Timofey Mozgov is struggling and he has been for some time. But until last night, he was still playing every night and seemed to be part of the rotation, albeit a small one. So are Mozgov's days as a rotation player finished?
Chris Manning (@cwmwrites): So, in the Cavs’ win against the Mavs last night, Timofey Mozgov didn’t play a single minute. As far as we know, he isn't hurt and per coach Tyronn Lue, he didn’t play because it would have been ‘unfair’ put him up against Dirk Nowitzki.
Ty Lue said that he thought it would be unfair to ask Timo to play on Dirk Nowitzki, which is why he didn't play tonight. #Cavs— Hayden Grove (@H_Grove) March 17, 2016
That’s not exactly a vote of confidence. So, Carter, I’ll ask you this: Is this the beginning of the end for Mozgov as a rotation player? For what it's worth, Jason Lloyd of the Akron Beacon Journal noted in his always great final thoughts piece that Mozgov will probably start Friday vs. the Magic.
Carter Rodriguez (@Carter_Shade): I think it should be, but I’m not sure if it is. Tyronn Lue has played fast and loose with his rotations from game-to-game. He’s a rookie coach, and hasn’t quite settled in on what he wants to see from the team.
He’s seemingly been very focused on matchups from game to game, and that could be a good thing. The Mavs didn’t play Zaza Pachulia more than spot minutes, so without a "center" to match up against, Lue didn’t seem comfortable throwing him out there.
Of course, Lue has made a big deal out of sparing Tristan Thompson from the full-time contact that comes with playing center. Against this team, he wasn’t going to deal with that.
How much do you buy that logic, and how much do you think it played into tonight’s DNP?
Manning: I think that’s pretty spot on. Perhaps the biggest critique I’ve had of Lue thus far is that he hasn’t really pegged down this rotations yet and I think there’s something there that relates to how off the Cavs look at times.
That being said, how many teams are the Cavs actually playing that feature big, bruising centers? And against the Mavs, it’s not as if Dirk is someone who is particularly bruising and while he’s skilled, he’s not exactly quick anymore.
Let me put it this way: I’d bet last year’s version of Mozgov plays against Dallas and saw time defending Dirk.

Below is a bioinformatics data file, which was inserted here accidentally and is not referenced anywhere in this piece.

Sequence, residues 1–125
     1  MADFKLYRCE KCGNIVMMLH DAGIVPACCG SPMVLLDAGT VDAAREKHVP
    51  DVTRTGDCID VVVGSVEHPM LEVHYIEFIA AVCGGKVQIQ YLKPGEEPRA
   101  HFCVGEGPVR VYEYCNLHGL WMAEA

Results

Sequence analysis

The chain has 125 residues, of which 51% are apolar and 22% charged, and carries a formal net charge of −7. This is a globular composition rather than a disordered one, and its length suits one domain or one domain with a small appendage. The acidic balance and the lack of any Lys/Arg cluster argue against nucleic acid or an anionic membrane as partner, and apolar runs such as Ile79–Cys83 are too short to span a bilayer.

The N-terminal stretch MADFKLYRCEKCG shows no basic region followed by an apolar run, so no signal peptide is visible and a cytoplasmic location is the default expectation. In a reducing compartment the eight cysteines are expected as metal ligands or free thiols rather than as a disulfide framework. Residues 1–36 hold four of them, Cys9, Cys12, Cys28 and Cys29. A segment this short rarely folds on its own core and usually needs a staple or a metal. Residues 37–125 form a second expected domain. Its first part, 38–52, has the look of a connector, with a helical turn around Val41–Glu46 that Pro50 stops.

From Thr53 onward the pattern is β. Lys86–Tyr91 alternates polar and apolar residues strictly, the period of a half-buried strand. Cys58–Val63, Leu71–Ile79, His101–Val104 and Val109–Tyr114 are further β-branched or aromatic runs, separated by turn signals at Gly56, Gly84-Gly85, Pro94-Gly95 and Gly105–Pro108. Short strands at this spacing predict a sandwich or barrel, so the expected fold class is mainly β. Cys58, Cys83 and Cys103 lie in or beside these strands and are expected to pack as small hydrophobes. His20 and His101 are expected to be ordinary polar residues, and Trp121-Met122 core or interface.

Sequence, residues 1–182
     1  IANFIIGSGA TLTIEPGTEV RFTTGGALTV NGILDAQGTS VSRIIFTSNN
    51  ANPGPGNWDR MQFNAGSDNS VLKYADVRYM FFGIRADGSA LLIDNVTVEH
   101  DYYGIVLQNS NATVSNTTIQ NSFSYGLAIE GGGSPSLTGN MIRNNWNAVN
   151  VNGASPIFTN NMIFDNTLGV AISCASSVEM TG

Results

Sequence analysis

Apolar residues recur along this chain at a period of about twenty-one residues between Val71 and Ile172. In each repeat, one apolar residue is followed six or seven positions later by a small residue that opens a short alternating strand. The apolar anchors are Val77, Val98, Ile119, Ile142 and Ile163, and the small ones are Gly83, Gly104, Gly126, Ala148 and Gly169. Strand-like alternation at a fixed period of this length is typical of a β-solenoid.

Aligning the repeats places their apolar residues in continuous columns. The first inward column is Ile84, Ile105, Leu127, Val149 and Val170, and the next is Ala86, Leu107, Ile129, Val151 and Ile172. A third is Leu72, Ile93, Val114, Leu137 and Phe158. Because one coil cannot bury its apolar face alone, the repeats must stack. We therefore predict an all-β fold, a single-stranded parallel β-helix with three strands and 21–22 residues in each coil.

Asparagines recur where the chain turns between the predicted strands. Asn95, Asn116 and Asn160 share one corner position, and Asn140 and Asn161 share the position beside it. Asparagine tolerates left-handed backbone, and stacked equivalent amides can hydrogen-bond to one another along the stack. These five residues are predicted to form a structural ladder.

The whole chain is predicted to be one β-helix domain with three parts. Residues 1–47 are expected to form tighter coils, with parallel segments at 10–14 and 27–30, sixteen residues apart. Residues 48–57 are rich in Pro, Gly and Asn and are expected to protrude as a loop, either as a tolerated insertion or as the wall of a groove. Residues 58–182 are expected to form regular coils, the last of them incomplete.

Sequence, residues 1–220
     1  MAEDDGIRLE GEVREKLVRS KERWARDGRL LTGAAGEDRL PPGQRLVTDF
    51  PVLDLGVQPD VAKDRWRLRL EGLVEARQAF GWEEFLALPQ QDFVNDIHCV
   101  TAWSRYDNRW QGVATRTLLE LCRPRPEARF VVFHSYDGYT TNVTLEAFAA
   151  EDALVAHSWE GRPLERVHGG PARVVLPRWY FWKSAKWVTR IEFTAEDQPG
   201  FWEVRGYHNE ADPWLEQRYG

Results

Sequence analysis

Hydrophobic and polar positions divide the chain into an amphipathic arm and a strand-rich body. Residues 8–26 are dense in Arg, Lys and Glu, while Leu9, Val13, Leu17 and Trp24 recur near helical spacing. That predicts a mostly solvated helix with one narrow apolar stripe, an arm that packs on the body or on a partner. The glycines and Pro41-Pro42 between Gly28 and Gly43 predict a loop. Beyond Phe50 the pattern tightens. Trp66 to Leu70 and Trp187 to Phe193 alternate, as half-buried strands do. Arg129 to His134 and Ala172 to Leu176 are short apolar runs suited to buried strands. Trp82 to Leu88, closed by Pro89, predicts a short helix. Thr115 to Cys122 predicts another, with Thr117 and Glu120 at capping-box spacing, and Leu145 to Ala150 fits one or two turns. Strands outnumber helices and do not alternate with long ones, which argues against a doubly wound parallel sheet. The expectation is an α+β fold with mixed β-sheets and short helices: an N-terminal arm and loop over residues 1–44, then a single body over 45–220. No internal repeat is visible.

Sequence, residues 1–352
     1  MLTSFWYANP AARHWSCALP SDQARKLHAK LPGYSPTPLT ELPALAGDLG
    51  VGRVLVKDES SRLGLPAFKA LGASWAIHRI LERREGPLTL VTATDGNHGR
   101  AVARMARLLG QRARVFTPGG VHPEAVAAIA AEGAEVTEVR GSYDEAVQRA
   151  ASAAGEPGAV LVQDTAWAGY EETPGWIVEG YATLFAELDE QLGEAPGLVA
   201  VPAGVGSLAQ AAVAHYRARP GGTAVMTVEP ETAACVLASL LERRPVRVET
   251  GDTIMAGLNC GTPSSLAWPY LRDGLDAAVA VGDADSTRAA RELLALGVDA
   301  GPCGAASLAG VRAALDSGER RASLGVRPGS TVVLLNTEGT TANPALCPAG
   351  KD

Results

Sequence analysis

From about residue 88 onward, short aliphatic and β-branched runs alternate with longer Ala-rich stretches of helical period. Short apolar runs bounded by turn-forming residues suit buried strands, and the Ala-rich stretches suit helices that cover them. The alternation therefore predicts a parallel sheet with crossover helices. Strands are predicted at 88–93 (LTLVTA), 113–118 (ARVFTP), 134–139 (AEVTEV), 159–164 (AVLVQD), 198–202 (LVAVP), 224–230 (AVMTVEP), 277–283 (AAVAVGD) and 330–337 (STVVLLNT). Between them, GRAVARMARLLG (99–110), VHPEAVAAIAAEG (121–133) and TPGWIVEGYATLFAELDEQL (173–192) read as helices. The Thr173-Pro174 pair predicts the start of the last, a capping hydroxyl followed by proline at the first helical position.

Rodriguez: I think that’s probably true, and it’s a testament to how far he’s fallen this season that he couldn’t find his way onto the floor. I can’t imagine many Cavs fans were pining for him at any point in the game either.
Mozgov’s decline has been really stunning, and I don’t know what there is to be done at this point. He’s running out of time to fix it, and the Cavs really can’t afford to try to get him back on track at the expense of the whole. Their margin of error is almost zero, and with the way it’s going, Mozgov doesn’t fit into that margin.
Manning: I tend to agree, but here’s the thing: Cleveland might still need Mozgov in the playoffs. We tend to assume that it’ll be Cavs-Warriors II, but the Spurs could still make it. There’s also a non-zero chance the Thunder make the Finals. In both of those series, you probably need to at least try to play Mozgov. Channing Frye is a decent defender, but in theory, Mozgov is a better option vs. San Antonio's LaMarcus Aldridge/Tim Duncan duo.
But it’s also hard to play him with Thompson - who is going to play a lot - and his only ideal pairing is with Love. Thompson also happens to be good with Love, and their two-man lineups are outscoring opponents by 13.5 points per 100 possessions. Mozgov/Love pairings are outscoring opponents by 0.1 points per 100 possessions. There’s a clear difference and hierarchy here. And Thompson is definitely the better overall, more versatile defender.
Rodriguez: Yeah, was about to mention that the Love/Mozgov pairing just isn’t good enough, and he’s the only other Cavalier big that Mozgov can’t conceivably pair with. At this point, it just makes the most sense to play Thompson slightly more minutes and throw fourth big duty to LeBron James who can slide in at power forward.
I think this is probably the answer, but this runs the risk of overextending Thompson and reducing time for the LeBron/Love/Thompson trio, which has devastated opponents this season.
There’s no clear answer, and ideally, Mozgov would just return to last season’s form.
Unfortunately, I’m just not sure that’s coming.
Manning: I agree and I think that makes the Frye acquisition all the more important. He’s a good enough defender, even if he doesn’t protect the rim, and he is actually a useful offense player. He gives the Cavs a needed shooter and unlocks parts of Cleveland’s offensive potential that Mozgov can’t. Plus, we all know LeBron is going to play the four when it matters and that squeezes Mozgov’s minutes too and would have even if the Cavs didn’t land Frye.
You do have to feel for Mozgov too. If he had been a free agent last summer, he was probably going to get paid a lot of money. This year, he’s been a shell of himself and it’s hard to see why any team would pony up for him over the summer. Maybe it’s the knee injury he had coming into the season, maybe it’s confidence, maybe it’s both. But, to me, it seems as if Mozgov’s days as a rotation player with the Cavs, and maybe with the team after the year, are numbered.